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Governor Touts Conn. RV Resort During Tour

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July 26, 2012 by   - () Leave a Comment

One of the popular attractions at Odetah Camp Resort in Connecticut.

The sprawling, 100-acre Odetah Camp Resort in Bozrah, Conn., was stop No. 1 in Gov. Dannel P. Malloy’s tour of southeastern Connecticut on Wednesday (July 25) to promote the state’s new “Still Revolutionary” tourism campaign.

Malloy and tourism officials met with Odetah Resort owner Nathan Adelman, who gave the group a tour of the facilities, the Norwich Bulletin reported.

“It’s absolutely gorgeous,” said Malloy, who was wearing a white “Still Revolutionary” polo shirt and shorts. “It’s a great way to spend time with your family.”

Odetah has 326 campsites and employs 58 seasonal personnel.

“We’re not the biggest in Connecticut, but we like to say we’re the best,” Adelman said.

Besides Bozrah, Malloy visited sites including The Eugene O’Neill Theater Center in Waterford, Abbott’s Lobster in the Rough in Noank, the Inn at Harbor Hill Marina in Niantic and the Florence Griswold Museum and Old Lyme Inn in Old Lyme on Wednesday.

The visits are part of a summerlong effort to highlight the role Connecticut’s hospitality, tourism and recreation attractions play in strengthening the state’s overall economy.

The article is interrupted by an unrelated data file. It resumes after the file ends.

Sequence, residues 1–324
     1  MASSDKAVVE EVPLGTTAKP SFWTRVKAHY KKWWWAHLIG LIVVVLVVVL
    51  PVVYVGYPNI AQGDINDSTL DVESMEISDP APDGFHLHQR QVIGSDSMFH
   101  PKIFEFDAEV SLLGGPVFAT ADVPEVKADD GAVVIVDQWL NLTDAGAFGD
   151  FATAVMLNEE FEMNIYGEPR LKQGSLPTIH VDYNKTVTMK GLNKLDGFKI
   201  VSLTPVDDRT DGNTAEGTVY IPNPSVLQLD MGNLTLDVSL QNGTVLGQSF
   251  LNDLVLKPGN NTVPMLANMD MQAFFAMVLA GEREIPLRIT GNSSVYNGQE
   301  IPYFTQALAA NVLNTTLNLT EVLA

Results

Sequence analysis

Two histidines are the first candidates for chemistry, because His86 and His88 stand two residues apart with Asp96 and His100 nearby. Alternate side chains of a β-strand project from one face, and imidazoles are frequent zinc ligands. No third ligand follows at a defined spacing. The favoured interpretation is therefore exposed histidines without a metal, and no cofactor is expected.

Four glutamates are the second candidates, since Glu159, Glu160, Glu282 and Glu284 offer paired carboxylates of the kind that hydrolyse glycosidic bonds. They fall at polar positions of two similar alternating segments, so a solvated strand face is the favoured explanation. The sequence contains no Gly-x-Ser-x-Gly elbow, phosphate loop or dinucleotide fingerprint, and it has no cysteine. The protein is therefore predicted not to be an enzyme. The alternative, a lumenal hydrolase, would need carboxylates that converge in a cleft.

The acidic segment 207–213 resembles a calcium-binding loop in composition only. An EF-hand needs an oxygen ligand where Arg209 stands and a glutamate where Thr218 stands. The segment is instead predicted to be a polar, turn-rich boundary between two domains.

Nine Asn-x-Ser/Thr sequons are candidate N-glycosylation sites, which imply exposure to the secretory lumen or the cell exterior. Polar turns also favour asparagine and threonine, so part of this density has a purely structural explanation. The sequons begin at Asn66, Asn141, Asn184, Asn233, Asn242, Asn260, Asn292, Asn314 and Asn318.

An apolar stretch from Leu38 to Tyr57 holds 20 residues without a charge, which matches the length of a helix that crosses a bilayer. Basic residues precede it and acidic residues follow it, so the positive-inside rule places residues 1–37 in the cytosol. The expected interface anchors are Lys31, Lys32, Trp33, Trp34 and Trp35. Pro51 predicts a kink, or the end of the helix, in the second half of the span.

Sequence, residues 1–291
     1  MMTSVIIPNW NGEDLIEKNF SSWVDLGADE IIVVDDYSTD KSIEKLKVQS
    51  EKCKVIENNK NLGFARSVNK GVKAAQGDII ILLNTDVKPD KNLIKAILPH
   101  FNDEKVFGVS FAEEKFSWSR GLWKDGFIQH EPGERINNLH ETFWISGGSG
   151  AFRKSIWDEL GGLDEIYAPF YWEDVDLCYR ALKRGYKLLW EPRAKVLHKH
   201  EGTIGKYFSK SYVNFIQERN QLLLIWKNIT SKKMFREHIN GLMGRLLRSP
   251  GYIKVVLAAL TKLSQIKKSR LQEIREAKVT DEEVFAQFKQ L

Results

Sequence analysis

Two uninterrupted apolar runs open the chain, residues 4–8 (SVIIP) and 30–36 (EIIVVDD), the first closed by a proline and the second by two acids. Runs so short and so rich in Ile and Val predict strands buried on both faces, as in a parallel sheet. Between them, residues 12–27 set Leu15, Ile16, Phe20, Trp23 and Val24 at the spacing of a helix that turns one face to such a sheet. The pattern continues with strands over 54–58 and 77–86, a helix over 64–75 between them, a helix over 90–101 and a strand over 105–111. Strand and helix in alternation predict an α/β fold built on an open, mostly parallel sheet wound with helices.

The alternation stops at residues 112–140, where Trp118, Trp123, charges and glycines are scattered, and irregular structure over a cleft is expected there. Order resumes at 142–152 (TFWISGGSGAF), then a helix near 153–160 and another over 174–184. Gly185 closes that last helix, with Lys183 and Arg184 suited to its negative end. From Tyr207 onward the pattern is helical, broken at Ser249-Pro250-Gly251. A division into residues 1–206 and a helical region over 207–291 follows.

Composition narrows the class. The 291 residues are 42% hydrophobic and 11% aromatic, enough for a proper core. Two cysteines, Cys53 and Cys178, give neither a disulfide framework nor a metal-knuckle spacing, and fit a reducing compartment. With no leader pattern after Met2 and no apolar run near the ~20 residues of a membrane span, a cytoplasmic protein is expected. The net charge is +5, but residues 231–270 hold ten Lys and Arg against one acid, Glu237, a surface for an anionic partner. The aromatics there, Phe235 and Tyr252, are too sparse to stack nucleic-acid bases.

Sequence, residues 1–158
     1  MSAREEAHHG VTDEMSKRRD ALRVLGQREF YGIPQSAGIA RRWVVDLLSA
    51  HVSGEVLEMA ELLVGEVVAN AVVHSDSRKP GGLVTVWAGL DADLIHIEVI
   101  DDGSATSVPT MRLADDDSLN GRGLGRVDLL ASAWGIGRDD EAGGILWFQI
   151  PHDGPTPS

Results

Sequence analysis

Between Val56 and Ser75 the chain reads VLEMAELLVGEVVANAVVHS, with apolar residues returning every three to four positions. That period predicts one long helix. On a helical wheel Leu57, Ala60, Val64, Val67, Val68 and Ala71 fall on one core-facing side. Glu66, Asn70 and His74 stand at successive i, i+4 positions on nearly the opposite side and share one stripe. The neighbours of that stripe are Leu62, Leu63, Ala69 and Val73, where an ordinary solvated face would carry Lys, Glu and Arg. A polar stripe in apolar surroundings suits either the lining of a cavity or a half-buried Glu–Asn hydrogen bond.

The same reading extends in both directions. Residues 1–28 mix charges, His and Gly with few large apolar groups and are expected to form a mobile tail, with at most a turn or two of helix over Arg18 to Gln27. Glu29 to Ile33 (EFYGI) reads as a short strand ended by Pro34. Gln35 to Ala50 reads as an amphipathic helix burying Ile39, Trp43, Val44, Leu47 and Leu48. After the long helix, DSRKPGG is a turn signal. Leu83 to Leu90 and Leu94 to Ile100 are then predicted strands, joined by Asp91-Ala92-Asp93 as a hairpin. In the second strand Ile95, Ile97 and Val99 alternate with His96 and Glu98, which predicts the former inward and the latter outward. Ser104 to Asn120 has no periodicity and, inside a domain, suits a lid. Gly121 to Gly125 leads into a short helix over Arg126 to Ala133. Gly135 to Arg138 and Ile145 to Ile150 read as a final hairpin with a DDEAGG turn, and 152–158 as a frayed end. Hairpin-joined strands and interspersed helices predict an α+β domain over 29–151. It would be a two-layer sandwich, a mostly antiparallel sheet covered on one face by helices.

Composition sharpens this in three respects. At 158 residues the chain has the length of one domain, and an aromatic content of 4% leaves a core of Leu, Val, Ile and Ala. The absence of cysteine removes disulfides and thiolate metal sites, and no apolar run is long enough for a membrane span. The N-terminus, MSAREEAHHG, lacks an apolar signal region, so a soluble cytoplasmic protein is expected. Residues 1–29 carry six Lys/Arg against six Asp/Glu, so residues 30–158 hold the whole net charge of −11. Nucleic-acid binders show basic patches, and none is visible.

Tour Highlights

Earlier this month, Malloy made similar visits to tourist destinations in western and central Connecticut.

Malloy said there are “lots of stories” to tell that tie into historical sites and figures of the Nutmeg State.

“We’re going to be active in telling them,” he said.

One such figure is Benedict Arnold, a Norwich native and the American military general who served with George Washington during the Revolutionary War.

Arnold is more well-known for defecting to the British after his failed plot to surrender the American military fort at West Point to the British. In 1781, Arnold and British forces captured Fort Trumbull in New London.

Malloy said Arnold is worth exploring in the larger context of Connecticut’s history.

“We could do something with him. Also, the role of Norwich in the Civil War his pretty big,” he said. “It was the home of the governor at the time, and he was an active campaigner for Lincoln.”

“Still Revolutionary” is a two-year, $27 million marketing campaign introduced in May.

“This is a campaign designed to go on for years,” Malloy said. “We wanted a message to use of Connecticut as a great place to visit and live, and we hit on the right formula.”

 

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